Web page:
PORT ANGELES — Incumbent Mark Ozias was winning the race against Sequim City Council member Brandon Janisse for the Sequim-area District 1 position on the Clallam County Board of County Commissioners after the initial count of general election ballots.
Ozias, a Democrat, was not declaring victory Wednesday, after earning 3,385 votes Tuesday night, compared to Republican Janisse’s 2,975 votes. That’s 53.08 percent to 46.65 percent.
“I’m pleased with the results and am looking forward to the next count,” Ozias said. “I’d rather wait to declare victory after more of the votes are counted, but I’m feeling good about how I’m positioned at this point.”
According to the Clallam County Auditor’s Office, some 3,034 ballots remain to be counted but it wasn’t clear how many of those are in District 1.
The auditor planned another count of ballots in the all-mail election late Wednesday. Those totals are not reflected here because of press deadlines.
On Tuesday, 13,234 ballots were counted out of 53,887 provided registered voters, for a voter turnout of 24.56 percent.
Still, Janisse said Wednesday that he is hopeful he can make up the 410-vote deficit. Janisse is not conceding.
“Anything could happen,” Janisse said. “Four hundred is not that hard to make up, especially if there’s 3,000 left to count.”
Ozias campaigned more actively than Janisse, spending a total of $5,182 on his re-election campaign and participating in more forums.
Janisse selected the “mini reporting option,” according to the Public Disclosure Commission. Because he spent less than $5,000 he is not required to report contributions to the state.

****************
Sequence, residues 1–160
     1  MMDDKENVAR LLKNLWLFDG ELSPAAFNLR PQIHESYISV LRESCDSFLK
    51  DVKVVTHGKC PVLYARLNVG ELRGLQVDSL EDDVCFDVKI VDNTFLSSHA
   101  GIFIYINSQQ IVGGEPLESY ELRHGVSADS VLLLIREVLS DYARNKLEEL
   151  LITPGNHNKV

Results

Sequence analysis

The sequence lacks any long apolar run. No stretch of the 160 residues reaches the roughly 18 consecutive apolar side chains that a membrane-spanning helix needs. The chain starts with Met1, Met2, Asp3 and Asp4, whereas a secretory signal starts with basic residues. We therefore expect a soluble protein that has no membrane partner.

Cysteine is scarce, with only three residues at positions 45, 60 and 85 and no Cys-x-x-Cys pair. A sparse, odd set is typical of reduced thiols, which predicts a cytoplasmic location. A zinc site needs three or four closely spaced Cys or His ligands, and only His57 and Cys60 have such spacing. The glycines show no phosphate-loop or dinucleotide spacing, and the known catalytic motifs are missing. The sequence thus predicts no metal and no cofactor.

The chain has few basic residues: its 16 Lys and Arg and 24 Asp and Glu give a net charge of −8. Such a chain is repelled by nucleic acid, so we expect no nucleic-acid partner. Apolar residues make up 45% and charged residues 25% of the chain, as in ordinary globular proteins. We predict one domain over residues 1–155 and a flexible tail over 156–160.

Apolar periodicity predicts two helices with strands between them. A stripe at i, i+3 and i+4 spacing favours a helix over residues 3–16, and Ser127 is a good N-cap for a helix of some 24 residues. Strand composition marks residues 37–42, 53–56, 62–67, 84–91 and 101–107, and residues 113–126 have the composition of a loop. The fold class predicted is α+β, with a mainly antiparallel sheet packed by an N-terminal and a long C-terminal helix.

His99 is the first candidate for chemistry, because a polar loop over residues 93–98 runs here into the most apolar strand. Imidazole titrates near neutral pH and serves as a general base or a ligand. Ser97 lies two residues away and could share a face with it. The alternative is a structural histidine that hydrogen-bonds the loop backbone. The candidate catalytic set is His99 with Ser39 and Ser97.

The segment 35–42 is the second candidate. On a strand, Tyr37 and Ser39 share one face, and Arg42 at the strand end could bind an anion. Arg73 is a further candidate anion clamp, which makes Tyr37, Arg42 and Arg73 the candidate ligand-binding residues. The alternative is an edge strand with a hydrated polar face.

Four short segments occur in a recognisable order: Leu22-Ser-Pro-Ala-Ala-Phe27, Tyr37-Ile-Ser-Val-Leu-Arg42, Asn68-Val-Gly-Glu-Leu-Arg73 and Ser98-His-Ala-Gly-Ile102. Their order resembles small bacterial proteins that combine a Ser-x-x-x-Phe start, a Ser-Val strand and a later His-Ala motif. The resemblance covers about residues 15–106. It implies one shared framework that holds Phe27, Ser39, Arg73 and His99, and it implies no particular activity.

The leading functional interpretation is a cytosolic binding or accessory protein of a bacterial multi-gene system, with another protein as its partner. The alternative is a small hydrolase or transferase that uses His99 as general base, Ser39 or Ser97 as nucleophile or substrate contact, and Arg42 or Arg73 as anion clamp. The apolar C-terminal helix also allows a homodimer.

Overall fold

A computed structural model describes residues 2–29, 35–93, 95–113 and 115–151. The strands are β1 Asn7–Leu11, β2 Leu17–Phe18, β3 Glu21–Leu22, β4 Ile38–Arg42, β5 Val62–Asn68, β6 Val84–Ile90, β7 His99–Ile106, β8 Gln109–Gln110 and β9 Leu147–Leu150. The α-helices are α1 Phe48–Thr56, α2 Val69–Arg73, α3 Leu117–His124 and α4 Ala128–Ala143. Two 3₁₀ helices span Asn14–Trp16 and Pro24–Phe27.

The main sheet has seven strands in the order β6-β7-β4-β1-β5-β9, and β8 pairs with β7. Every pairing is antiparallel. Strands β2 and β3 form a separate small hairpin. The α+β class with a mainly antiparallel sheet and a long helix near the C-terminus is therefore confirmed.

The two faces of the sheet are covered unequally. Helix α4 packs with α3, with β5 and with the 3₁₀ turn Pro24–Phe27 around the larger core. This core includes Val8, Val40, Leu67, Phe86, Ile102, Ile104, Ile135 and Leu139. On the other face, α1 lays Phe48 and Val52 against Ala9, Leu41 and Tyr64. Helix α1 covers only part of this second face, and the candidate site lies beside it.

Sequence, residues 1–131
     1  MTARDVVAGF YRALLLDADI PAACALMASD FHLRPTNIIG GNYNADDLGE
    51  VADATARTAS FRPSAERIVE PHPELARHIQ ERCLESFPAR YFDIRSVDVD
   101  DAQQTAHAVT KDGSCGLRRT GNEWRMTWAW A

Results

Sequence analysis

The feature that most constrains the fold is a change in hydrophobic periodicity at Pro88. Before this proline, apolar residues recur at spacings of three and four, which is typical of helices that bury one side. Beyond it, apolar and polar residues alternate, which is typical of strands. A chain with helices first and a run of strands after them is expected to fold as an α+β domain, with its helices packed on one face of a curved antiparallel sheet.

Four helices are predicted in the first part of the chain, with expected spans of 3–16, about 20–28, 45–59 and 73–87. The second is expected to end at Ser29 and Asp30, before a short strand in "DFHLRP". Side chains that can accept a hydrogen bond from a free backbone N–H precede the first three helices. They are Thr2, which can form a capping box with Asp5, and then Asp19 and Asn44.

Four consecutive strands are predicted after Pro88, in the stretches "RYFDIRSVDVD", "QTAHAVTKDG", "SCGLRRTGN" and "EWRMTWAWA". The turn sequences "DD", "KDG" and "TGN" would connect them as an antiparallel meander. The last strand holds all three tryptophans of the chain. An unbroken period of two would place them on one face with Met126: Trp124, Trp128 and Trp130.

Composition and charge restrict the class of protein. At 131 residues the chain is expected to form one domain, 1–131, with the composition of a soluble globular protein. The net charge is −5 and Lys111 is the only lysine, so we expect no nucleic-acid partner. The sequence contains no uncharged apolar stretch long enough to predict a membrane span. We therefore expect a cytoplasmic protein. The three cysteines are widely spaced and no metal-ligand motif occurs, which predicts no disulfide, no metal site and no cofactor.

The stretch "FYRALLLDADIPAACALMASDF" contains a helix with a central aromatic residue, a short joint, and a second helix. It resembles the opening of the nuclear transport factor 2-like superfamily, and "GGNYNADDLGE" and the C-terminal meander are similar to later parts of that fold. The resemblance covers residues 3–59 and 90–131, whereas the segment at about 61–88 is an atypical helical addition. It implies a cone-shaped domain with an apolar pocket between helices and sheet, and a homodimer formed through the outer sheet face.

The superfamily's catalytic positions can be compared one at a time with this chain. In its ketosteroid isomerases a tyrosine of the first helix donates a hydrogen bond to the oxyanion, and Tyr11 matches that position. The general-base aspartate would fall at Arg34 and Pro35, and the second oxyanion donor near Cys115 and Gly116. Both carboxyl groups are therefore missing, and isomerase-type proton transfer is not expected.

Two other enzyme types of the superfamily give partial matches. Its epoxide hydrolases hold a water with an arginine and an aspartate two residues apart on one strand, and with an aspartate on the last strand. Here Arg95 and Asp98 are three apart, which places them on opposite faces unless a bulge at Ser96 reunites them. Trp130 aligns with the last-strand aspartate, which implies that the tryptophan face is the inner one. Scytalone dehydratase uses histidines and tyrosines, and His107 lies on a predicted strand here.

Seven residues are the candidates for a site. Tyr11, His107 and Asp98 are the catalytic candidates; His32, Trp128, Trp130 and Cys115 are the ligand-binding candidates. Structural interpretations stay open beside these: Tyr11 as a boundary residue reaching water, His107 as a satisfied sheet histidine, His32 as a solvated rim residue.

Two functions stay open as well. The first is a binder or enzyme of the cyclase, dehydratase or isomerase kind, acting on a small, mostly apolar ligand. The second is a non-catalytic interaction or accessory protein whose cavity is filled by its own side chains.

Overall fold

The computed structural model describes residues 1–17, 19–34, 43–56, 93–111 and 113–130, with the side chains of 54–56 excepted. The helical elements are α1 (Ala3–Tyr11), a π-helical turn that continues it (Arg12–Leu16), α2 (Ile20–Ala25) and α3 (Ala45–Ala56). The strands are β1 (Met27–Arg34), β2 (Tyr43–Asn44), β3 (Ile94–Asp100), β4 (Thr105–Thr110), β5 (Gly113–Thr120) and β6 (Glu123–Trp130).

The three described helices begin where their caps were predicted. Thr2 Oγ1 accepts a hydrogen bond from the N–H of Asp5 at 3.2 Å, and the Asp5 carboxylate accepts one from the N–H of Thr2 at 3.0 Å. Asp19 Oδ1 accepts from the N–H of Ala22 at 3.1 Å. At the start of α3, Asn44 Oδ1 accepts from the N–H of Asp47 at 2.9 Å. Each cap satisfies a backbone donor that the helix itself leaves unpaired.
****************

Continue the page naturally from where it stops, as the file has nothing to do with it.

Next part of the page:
Ozias said there’s nothing he would have done differently, but he wishes Janisse would have participated in more forums.
The only forum both candidates participated in was an Aug. 13 Port Angeles Business Association forum.
“Voters didn’t get much of a chance to hear in person about the contrast and differences, because after our first debate he didn’t attend any debates and forums,” Ozias said. “It was an odd campaign.”
Ozias said that a KONP forum was canceled twice because Janisse was unavailable, that Janisse declined to attend a Sequim Sunrise Rotary forum. Forums held by the League of Women Voters and the North Peninsula Builders Association turned into question-and-answer sessions because only Ozias showed up.
“If there’s something I wish would have happened, I wish voters would have had a chance to hear us together,” Ozias said. “We took opportunities to get our message out there, but there’s nothing that replaces those opportunities to hear from the candidates in person and see how we respond to questions.”
Janisse, a control-room technician in the Clallam County jail, said he was unable to attend those forums because he was busy working.
He said he had someone read a statement from him during the League of Women Voters forum, which he coudn’t attend because his shift at work ended after the start of the forum.
Both candidates agreed the Jamestown S’Klallam Tribe’s planned Healing Campus in Sequim was the top issue in their campaigns.
Ozias’ top campaign contribution was from the Jamestown S’Klallam Tribe, which contributed $1,000.
Ozias supported the tribe’s efforts early in the campaign. Janisse took a firm stance against the proposal publicly later in the campaign.
At the forum in August, a day after Janisse voted in favor of a moratorium aimed at the Healing Campus, Janisse said he had to remain neutral on the issue, but that he supported medication-assisted treatment (MAT), a stance he took in the Peninsula Daily News’ voter guide.
In October, Janisse said Sequim is not the right place for the facility.
“Obviously the MAT was the biggest issue,” Janisse said. “I tried to make [the campaign] not only specifically about that.”
Janisse said he plans to call Ozias once the election results become more clear.
Janisse said the campaign went well on both sides.
“There was obviously disagreements on the issues, but it was civil all the way around,” Janisse said.
Reporter Jesse Major can be reached at 360-452-2345, ext. 56250, or at firstname.lastname@example.org.